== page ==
Archive for the ‘Outreach’ Category
Friday, November 14th, 2014
During November, the nation collectively recognizes the achievements, contributions and rich culture of the Native Americans.
History Native American Heritage Month was first recognized in 1915 with the annual meeting of the Congress of the American Indian Association, building upon previous work of Dr. Arthur C. Parker. Despite this proclamation, various states began organizing days of commemoration at different times of the year. It wasn’t until 1990 that a joint resolution from the White House was issued, designating November as National American Indian Heritage Month. Learn more about the history of Native American Heritage Month from the Library of Congress.
Health Concerns American Indians and Alaska Natives have a unique relationship with the federal government. Tribes exist as sovereign entities, but federally recognized tribes are entitled to health and educational services provided by the federal government. Though the Indian Health Service (IHS) is charged with serving the health needs of these populations, more than half of American Indians and Alaska Natives do not permanently reside on a reservation, and therefore have limited or no access to IHS services. Though often referred to as a singular group, American Indians and Alaska Natives represent diverse cultures, languages and customs unique to each community. Health challenges, however, have not been as unique with many Native American communities similarly experiencing the harsh impact of diabetes, HIV/AIDS, heart disease, stroke and infant mortality.
Profile: American Indian and Alaska Native Health Statistics by Disease Leading Causes of Death Other Critical Health Issues Find Journals and Publications Affordable Care Act and Native Americans The Affordable Care Act, also known as the health care law, was created to expand access to coverage, control health care costs, and improve health care quality and coordination. The ACA also includes permanent reauthorization of the Indian Health Care Improvement Act , which extends the current law and authorizes new programs and services within the Indian Health Service.
More about the Affordable Care Act and Native Americans Fact sheet: The ACA and American Indian and Alaska Native People
Our Work Delivery of health services and funding of programs to maintain and improve the health of American Indians and Alaska Natives are consonant with the federal government’s historical and unique legal relationship with Indian Tribes. In recognition of this, the Department of Health and Human Services (HHS) supports research on improving the health of American Indians and Alaska Natives. American Indian and Alaska Native Health Research Advisory Council (HRAC) American Indian/Alaska Native Health Disparities Program Grantees All grants and cooperative agreements American Indian/Alaska Native Tribal Initiative Awards (TIHA) Native Generations , an infant mortality awareness campaign Circle of Life , a multimedia HIV/AIDS/STI curriculum for Native youth National Standards for Culturally and Linguistically Appropriate Services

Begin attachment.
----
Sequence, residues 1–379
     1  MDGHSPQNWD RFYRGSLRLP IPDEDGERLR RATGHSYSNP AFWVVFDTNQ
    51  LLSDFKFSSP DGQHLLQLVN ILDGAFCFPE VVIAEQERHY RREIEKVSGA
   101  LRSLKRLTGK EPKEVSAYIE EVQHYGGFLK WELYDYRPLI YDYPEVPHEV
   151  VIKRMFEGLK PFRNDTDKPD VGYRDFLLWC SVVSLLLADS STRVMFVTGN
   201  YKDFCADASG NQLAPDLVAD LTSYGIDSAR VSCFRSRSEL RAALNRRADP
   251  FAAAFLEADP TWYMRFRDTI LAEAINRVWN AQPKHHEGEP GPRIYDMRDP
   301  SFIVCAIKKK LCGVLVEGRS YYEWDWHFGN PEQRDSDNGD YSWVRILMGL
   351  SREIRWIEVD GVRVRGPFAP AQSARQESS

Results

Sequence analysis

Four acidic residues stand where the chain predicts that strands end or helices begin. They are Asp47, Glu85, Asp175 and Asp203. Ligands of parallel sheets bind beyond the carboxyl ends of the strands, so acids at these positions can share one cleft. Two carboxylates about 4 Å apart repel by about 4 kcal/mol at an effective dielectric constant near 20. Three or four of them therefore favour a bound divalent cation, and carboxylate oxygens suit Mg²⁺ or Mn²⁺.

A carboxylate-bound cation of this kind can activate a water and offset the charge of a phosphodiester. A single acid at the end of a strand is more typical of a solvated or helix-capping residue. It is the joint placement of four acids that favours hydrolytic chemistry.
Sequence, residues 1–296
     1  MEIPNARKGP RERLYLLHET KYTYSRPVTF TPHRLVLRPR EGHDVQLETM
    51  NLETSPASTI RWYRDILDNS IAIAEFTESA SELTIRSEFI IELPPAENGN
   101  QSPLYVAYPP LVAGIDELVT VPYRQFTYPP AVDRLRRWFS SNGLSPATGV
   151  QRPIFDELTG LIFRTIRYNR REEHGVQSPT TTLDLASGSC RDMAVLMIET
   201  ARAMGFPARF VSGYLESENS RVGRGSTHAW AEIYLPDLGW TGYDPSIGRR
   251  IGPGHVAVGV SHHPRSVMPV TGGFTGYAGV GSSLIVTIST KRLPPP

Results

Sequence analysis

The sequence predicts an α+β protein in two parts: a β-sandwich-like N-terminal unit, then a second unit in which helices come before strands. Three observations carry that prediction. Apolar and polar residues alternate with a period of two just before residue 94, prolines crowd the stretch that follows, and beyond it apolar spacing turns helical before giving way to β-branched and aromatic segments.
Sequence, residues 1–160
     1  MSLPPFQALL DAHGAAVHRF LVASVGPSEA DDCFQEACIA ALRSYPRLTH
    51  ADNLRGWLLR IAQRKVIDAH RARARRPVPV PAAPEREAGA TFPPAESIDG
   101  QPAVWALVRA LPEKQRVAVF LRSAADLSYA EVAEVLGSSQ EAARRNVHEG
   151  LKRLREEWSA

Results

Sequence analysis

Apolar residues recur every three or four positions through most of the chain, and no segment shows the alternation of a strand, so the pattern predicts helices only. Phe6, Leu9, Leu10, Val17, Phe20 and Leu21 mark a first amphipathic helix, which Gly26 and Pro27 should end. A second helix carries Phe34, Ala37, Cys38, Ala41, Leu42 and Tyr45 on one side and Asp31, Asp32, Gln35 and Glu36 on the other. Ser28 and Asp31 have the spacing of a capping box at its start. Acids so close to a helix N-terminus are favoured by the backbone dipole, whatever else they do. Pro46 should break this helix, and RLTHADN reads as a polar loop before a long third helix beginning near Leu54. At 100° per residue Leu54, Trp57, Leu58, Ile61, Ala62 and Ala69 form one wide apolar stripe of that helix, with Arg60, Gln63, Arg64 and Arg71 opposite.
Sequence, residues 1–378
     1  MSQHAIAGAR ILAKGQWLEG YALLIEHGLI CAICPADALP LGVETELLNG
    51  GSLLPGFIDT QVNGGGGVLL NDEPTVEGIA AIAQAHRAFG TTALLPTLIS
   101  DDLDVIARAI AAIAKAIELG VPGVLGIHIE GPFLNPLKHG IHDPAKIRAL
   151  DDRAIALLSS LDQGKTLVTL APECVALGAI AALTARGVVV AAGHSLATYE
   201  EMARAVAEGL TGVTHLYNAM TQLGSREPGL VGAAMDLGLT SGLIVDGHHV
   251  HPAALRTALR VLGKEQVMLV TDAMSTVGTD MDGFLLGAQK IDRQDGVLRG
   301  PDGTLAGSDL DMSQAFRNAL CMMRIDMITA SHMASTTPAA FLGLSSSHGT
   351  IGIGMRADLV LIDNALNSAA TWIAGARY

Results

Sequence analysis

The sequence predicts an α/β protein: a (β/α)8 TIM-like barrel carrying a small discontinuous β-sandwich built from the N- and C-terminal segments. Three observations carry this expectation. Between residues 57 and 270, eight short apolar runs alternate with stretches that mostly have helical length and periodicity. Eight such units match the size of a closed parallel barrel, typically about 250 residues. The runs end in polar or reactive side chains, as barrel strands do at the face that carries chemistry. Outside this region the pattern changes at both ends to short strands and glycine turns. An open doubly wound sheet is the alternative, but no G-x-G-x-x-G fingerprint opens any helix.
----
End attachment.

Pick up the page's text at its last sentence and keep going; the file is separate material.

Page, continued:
Ways to Commemorate Native American Heritage Month
Educate yourself! Read up on the history of the Native people of the Americas and the creation of Native American History Month.
Raise awareness! Organize a community event to raise awareness about the health disparities that exist among Native American communities.
Get covered! Learn more about affordable health care options now available to you and your family and spread the word.
Share your story! How are you celebrating Native American Heritage Month? What’s happening in your organization or community? Share your story or tweet with us throughout the month.
From the Office of Minority Health
Friday, November 14th, 2014
Tuesday, November 18, at the New York Academy of Medicine
The event is free and open to the public; advance registration is requested. To register for this event: Jonas Salk, the Polio Vaccine, and The Shot Felt ‘Round the World
Jonas Salk, the Polio Vaccine, and the Shot Felt ‘Round the World
Jonas Salk’s vaccine against polio brought a fearful epidemic to a close. In the centennial year of Salk’s birth, we celebrate his achievement with the screening of The Shot Felt ’Round the World. This 2010 production chronicles Salk’s crucial work at the University of Pittsburgh that led to the polio vaccine’s success in the 1950s.
Produced by Stephanie Dangel Reiter, Carl Kurlander, and Laura Davis, and directed by Tjardus Greidanus, the hour-long documentary starts with the March of Dimes, a charity founded by President Franklin Roosevelt, himself paralyzed by the disease. March of Dimes’ sponsorship helped Salk develop his vaccine in the early 1950s. Public concern over the disease was so great that widespread testing started almost immediately. The vaccine was pronounced safe in 1955, with mass vaccination following. By the 1960s, polio in the United States was largely under control; the last known endemic case was in 1979.
The film not only looks at the well-known battle against polio, but also delves into the hidden stories, both of the researchers and of the sufferers. After the screening, we are pleased to welcome three commentators for a discussion of the film: Peter L. Salk, MD, president of the Jonas Salk Legacy Foundation and son of Jonas Salk; Jeffrey Kluger, senior correspondent for Time magazine and author of Splendid Solution: Jonas Salk and the Conquest of Polio; and Bert Hansen, PhD, professor of the history of science and medicine at Baruch College and author of Picturing Medical Progress from Pasteur to Polio.
About the Speakers